Welcome to the mystic arts of content marketing. Research shows that only 30% of B2B marketers believe that they are good at content marketing. And perhaps even more shockingly, 55% don’t actually know what content marketing success or effectiveness looks like, and a lot of that comes from education. This might have been good enough ten years ago… but this is 2016. Businesses need to be smarter about their content marketing and content marketing goals.

So considering ourselves rather good at the whole content thing, we’ve decided to bust some of the biggest myths that we come across with our clients.



Content marketing is a two-word phrase, and only one of those words is content. Content marketers shouldn’t be framed as being good at content. Of course, we are (it’s our job after all), but that isn’t enough. Instead, a good content marketer is someone who is good at marketing, and who is good at business because of content. It’s about achieving goals via content. For content to ‘work’ it has to achieve wider business goals.
Rest assured this doesn’t mean compromising on the quality of your content, though. Great content is content that stands on its own. And often the best way to sell something isn’t to sell anything, but to build awareness, earn respect and develop trust from those who might buy. A great example of this can be seen in one of the better pieces of content marketing in the past decade – The Lego Movie – a great, standalone piece of content which appealed to both children and adults, built long-term brand awareness, and ultimately drove sales. The movie led to 2015 being the most successful year Lego had ever had.picture1

Graph from Lego’s Annual Report for 2015 (source)



This is a complaint that often comes up from directors or shareholders when asked to invest in content marketing. The benefits can’t be measured, so they can’t exist. Wrong.

In reality, the issue isn’t “Content can’t be measured”, it’s that “I don’t know how to measure content.”

This is understandable because it comes out of a common issue for those who aren’t experts in content marketing. The failure to set goals. Before releasing any content, you have to have clear goals. This lets you know what to measure. This gives your content a clear path to success.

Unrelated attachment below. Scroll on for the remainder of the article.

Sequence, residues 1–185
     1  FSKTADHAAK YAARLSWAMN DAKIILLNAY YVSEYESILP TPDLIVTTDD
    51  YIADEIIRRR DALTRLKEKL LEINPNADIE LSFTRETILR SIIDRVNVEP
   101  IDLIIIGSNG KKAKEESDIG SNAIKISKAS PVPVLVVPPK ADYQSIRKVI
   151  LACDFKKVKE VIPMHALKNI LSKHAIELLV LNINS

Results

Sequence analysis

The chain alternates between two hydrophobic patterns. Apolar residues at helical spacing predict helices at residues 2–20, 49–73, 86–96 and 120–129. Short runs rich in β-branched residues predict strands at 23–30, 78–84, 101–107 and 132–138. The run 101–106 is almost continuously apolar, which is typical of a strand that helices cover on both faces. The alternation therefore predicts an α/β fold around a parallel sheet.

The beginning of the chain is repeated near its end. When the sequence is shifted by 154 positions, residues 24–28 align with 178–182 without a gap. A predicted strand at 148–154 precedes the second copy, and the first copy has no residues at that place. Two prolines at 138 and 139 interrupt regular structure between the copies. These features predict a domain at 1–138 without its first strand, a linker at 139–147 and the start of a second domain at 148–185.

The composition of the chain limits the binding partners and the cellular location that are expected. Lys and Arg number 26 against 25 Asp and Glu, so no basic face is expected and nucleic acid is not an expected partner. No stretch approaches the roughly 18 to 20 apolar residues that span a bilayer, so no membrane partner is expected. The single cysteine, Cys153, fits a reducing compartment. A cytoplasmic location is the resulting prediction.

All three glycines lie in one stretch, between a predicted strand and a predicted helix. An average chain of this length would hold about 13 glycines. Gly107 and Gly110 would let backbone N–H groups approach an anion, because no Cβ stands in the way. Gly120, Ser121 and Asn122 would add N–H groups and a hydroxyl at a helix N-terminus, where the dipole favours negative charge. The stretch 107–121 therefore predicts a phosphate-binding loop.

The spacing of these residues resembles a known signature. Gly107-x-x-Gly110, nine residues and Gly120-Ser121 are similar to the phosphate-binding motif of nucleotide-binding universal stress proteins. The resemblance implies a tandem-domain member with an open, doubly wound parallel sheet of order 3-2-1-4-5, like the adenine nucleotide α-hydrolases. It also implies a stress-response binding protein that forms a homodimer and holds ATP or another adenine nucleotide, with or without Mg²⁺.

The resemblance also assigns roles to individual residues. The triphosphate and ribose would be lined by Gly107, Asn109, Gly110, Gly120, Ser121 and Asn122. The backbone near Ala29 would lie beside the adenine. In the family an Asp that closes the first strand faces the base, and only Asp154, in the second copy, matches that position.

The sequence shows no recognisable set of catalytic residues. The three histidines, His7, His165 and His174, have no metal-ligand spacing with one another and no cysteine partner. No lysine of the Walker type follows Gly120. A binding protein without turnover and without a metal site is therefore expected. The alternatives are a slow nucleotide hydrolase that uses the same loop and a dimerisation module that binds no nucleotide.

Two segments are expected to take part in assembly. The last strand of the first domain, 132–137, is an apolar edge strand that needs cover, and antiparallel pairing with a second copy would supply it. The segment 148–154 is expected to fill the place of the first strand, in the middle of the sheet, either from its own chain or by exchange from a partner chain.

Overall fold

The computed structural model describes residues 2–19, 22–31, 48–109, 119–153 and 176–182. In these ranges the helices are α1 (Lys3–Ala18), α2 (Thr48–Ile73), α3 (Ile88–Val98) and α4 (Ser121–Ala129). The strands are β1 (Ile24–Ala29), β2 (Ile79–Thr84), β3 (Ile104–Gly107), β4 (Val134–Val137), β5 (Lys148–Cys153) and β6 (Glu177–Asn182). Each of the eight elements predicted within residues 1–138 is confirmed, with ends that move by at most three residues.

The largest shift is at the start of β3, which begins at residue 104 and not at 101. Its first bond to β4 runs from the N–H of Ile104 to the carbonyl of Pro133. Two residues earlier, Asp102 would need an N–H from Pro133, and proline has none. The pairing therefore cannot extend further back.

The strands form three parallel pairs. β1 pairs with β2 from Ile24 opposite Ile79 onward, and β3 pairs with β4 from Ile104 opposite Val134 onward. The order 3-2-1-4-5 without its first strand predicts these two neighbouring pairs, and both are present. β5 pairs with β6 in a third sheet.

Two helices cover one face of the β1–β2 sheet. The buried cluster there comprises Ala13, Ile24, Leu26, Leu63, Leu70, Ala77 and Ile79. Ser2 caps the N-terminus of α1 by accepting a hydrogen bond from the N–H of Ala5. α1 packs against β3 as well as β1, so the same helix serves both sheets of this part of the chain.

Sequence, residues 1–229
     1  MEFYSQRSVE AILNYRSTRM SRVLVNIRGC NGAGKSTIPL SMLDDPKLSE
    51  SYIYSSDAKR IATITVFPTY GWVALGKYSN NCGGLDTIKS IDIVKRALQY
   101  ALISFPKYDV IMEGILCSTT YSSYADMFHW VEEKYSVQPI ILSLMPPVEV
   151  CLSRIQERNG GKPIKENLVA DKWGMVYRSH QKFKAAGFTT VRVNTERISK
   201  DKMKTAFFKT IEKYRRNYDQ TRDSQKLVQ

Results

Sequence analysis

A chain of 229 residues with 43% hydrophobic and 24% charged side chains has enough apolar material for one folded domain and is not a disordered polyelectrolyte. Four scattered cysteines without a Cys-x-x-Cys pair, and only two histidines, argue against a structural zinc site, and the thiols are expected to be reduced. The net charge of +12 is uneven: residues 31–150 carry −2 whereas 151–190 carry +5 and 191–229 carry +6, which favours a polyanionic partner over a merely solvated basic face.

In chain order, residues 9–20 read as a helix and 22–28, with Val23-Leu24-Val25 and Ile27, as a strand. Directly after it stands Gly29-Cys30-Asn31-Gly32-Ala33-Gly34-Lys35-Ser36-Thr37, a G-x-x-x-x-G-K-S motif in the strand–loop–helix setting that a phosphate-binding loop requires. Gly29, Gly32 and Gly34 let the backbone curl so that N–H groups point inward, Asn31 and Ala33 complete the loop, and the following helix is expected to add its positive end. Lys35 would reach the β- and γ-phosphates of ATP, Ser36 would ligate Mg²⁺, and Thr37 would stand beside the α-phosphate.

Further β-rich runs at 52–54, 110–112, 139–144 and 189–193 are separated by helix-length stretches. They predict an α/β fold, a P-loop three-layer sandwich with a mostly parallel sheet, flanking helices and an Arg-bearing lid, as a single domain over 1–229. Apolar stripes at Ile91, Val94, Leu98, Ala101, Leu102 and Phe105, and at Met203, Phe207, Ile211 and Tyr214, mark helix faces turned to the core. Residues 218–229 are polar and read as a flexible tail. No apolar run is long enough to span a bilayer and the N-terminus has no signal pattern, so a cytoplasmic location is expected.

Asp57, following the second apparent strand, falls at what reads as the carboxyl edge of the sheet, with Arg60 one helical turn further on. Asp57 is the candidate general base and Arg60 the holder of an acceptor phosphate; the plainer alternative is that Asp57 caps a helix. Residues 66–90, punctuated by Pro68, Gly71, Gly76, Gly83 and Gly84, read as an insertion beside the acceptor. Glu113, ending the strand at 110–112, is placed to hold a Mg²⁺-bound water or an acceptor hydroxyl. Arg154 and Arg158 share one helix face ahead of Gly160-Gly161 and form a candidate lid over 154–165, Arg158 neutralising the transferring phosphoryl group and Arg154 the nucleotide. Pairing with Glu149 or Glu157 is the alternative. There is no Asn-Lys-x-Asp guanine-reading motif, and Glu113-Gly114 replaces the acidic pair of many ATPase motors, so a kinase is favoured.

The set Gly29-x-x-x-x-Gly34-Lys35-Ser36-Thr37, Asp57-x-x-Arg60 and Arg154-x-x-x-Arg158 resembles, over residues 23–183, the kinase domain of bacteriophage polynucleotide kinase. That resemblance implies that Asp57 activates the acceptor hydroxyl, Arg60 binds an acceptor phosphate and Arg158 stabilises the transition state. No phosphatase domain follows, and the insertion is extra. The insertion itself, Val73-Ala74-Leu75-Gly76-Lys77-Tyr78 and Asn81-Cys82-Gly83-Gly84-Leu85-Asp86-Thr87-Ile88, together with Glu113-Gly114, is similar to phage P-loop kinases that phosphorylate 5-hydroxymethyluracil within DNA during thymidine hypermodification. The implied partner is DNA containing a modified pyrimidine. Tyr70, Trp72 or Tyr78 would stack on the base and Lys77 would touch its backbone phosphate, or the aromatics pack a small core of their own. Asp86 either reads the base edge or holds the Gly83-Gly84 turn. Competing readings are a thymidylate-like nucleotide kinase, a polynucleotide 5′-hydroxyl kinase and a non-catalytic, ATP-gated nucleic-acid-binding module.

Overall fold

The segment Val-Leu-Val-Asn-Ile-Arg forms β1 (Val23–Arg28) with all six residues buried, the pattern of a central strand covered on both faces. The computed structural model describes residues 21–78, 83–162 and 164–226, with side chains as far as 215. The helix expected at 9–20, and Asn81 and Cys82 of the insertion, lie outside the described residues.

For example, if a client comes to addfolio and asks us to ‘build a community’ on their blog, we’d track returning vs new views over time to see how many people were regularly engaging with the content.

These metrics might not always be straightforward, but they’ll exist. Okay there’s not a button that you can turn on to measure ‘brand awareness’, but if in the last month direct traffic has gone up 20% then we can ascertain that more people are becoming aware of who you are. Equally, you could look at search volume for your brand name, monitor mentions on social channels.

Great content is the first step, but knowing where to find the right metrics is just as important.



Content marketing is everywhere. Everyone’s doing it, from small start-ups to global brands. If you aren’t doing it, you need to start. But don’t worry – just because everyone’s doing it doesn’t mean that everyone’s good at it.

What might have worked five years ago doesn’t work now, it’s not just enough to push out a 400-word blog every two weeks. You need to be doing more, and you need to be doing it better. In order to stand out in the content battleground it’s about creating content that provides value for your customer. And this can (and should) take some time.

A fantastic example of this can be seen on the Home Depot blog, where a large amount of their output is an informative step-by-step tutorial on how to complete your own projects. As well as providing expertise direct to their users, these blogs are also well-written, fantastically well photographed, and even have a printable shopping list of required equipment.

Just think how different things would be if they’d tried to complete the content in half an hour… Instead, they’ve got content which provides value to their customers and their business, boosting brand awareness (tracked via returning viewers) and pushing sales (tracked via click through to products).

Content marketing doesn’t have to be a mystery, instead, it should be a driven process that drives success for your brand.